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- Subject: Re: 4.4 break and return: just before elseif?
- From: Lorenzo Donati <lorenzodonatibz@...>
- Date: Fri, 6 Aug 2021 13:45:01 +0200
On 05/08/2021 18:59, Coda Highland wrote:
On Thu, Aug 5, 2021 at 9:56 AM Viacheslav Usov <firstname.lastname@example.org> wrote:
On Thu, Aug 5, 2021 at 3:26 PM Roberto Ierusalimschy
It is a source of syntax ambiguity. Compare
Thank you for the explanation.
Breaks followed that rule to keep open the possibility of labeled
breaks. After goto, we gave up the idea of labeled breaks, but now I
particularly would prefer that all of them (break/return/goto) followed
Without goto, any statements after transfer of control are
unreachable, and it is best for clarity not to have them. So the rule
makes perfect sense in this case.
With goto, well, they are reachable if there is a label statement just
after the transfer of control.
What speaks against relaxing the current restriction on the return
statement, so that it must be the last statement in its block, or it
must be immediately followed by a label statement?
Think about it more practically. How WOULD you write code using goto that
would put a label in that position? All of the ways that come to mind would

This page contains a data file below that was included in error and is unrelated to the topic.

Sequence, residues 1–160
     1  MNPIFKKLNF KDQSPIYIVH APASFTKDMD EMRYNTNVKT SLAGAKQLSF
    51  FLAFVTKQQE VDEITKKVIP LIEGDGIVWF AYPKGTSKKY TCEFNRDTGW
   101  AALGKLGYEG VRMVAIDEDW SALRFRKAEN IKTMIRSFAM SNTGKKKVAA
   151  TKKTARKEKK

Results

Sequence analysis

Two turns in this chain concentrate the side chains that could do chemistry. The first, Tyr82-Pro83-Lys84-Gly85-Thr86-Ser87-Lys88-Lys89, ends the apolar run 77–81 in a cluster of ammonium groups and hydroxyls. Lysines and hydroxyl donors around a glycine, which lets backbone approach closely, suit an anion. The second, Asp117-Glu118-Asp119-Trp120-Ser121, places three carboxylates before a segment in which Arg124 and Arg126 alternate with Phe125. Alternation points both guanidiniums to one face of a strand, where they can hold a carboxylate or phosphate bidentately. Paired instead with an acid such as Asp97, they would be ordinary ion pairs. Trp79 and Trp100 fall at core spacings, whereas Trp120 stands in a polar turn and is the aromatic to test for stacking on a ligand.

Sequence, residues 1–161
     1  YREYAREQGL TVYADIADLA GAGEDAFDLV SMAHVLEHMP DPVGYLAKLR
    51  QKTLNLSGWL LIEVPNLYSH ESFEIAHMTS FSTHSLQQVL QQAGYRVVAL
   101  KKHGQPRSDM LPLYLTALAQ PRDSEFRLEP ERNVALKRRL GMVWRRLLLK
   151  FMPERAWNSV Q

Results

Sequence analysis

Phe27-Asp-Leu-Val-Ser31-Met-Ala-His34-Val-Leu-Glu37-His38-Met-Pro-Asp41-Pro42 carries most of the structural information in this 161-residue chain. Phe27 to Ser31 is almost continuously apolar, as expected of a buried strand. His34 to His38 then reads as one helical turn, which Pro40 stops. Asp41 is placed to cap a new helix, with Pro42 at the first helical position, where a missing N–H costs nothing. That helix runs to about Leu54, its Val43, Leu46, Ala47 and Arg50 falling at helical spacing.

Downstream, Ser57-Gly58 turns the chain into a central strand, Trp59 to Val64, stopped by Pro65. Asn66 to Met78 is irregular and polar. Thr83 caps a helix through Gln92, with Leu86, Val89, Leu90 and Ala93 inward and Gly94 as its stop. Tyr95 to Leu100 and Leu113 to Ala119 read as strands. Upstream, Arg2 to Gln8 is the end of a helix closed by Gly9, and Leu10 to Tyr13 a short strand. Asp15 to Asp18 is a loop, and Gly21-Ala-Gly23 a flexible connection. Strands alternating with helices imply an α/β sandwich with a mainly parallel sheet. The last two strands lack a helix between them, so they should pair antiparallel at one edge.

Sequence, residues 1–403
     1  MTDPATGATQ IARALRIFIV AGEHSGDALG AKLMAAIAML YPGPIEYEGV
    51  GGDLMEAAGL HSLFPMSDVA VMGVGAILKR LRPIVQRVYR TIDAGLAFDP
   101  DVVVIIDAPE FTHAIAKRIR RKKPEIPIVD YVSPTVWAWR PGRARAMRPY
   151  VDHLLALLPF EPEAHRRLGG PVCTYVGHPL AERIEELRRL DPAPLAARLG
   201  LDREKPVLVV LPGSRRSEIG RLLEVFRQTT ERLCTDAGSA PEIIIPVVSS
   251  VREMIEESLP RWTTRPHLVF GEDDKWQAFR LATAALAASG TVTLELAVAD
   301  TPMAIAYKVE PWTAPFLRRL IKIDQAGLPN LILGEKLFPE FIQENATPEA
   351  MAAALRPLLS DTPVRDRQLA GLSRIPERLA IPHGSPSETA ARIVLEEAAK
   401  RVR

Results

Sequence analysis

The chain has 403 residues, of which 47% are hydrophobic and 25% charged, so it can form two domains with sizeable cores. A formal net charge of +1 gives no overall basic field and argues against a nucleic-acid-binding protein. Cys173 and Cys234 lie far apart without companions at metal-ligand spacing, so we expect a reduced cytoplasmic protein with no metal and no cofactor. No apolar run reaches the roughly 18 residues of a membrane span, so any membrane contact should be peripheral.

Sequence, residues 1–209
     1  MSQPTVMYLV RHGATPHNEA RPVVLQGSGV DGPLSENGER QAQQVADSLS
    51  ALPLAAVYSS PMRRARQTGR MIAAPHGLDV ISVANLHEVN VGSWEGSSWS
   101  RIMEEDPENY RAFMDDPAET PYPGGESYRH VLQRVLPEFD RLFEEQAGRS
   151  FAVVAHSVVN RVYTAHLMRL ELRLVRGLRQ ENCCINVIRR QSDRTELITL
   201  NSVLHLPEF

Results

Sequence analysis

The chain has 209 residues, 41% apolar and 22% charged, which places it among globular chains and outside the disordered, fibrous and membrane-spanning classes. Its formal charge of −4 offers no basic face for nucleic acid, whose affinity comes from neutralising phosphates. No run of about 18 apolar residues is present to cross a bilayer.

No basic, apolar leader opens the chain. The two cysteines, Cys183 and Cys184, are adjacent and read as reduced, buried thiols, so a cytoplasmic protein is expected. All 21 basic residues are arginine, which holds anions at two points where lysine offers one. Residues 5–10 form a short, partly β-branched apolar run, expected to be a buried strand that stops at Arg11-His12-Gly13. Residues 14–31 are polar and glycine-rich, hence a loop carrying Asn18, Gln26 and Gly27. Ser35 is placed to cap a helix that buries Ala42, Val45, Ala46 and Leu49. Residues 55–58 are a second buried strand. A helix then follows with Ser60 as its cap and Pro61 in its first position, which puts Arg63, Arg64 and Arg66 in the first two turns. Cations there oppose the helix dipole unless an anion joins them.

be better served with other code structures.
IIRC one of the reasons GOTOs where introduced was to support automatic
code generators (especially for finite state machines).
In that case the option of using other code structures could not be
practical, since the code generator would have to be more complex and
generate loops using explicit loop structures instead of gotos.
Therefore adding restrictions on label placements could be detrimental
to simpler code generators.
Specifically, keep in mind that a goto that isn't the last statement of a
block is necessarily an unconditional goto -- if it were conditional, it
would be inside an if block. (If there's code after the goto in that if
block, the goto is still unconditional from the perspective of that code.)
So there are only two possibilities:
(1) An unconditional forward jump. This means you're skipping over code,
unconditionally. That either means that code could be removed or commented
out, or that there would be a label immediately following the goto
statement for use by another goto. Sub-possibilities:
(1a) That other goto is earlier in the code. This is effectively
implementing an if/else and could be replaced with that.
(1b) That other goto is later in the code. This is effectively implementing
a special-case first iteration of a loop and could be replaced with a loop.
(2) An unconditional backward jump. This is just an uglier way of writing a
loop and should be written as such.
Conditional gotos are way more useful -- the typical argument for
supporting goto is to short-circuit out of a nested structure, and those
are necessarily conditional.